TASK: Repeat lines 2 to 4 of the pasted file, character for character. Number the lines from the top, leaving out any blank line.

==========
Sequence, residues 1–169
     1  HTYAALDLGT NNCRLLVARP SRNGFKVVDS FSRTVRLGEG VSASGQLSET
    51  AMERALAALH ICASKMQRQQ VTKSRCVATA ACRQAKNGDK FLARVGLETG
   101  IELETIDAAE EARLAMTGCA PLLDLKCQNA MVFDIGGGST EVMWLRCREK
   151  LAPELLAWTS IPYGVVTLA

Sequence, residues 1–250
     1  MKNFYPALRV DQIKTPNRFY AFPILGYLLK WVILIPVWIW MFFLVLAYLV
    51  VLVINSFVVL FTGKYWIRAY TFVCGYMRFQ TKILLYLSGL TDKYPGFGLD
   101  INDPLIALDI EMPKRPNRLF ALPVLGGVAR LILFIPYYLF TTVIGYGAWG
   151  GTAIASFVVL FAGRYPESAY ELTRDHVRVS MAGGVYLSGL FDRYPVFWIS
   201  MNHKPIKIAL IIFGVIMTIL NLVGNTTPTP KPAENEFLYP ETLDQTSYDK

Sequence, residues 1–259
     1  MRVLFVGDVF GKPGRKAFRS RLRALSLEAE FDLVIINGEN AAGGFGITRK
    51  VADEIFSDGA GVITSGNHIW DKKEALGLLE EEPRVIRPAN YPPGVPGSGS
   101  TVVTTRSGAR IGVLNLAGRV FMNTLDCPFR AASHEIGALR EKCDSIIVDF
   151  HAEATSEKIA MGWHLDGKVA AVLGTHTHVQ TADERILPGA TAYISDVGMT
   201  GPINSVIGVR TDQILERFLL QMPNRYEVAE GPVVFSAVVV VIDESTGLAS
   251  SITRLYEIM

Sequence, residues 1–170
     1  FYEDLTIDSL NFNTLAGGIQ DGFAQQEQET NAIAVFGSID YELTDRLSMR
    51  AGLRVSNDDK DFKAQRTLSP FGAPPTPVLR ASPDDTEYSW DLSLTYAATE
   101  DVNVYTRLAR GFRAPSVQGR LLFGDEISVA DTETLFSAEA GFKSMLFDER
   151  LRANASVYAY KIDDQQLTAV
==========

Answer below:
     1  HTYAALDLGT NNCRLLVARP SRNGFKVVDS FSRTVRLGEG VSASGQLSET
    51  AMERALAALH ICASKMQRQQ VTKSRCVATA ACRQAKNGDK FLARVGLETG
   101  IELETIDAAE EARLAMTGCA PLLDLKCQNA MVFDIGGGST EVMWLRCREK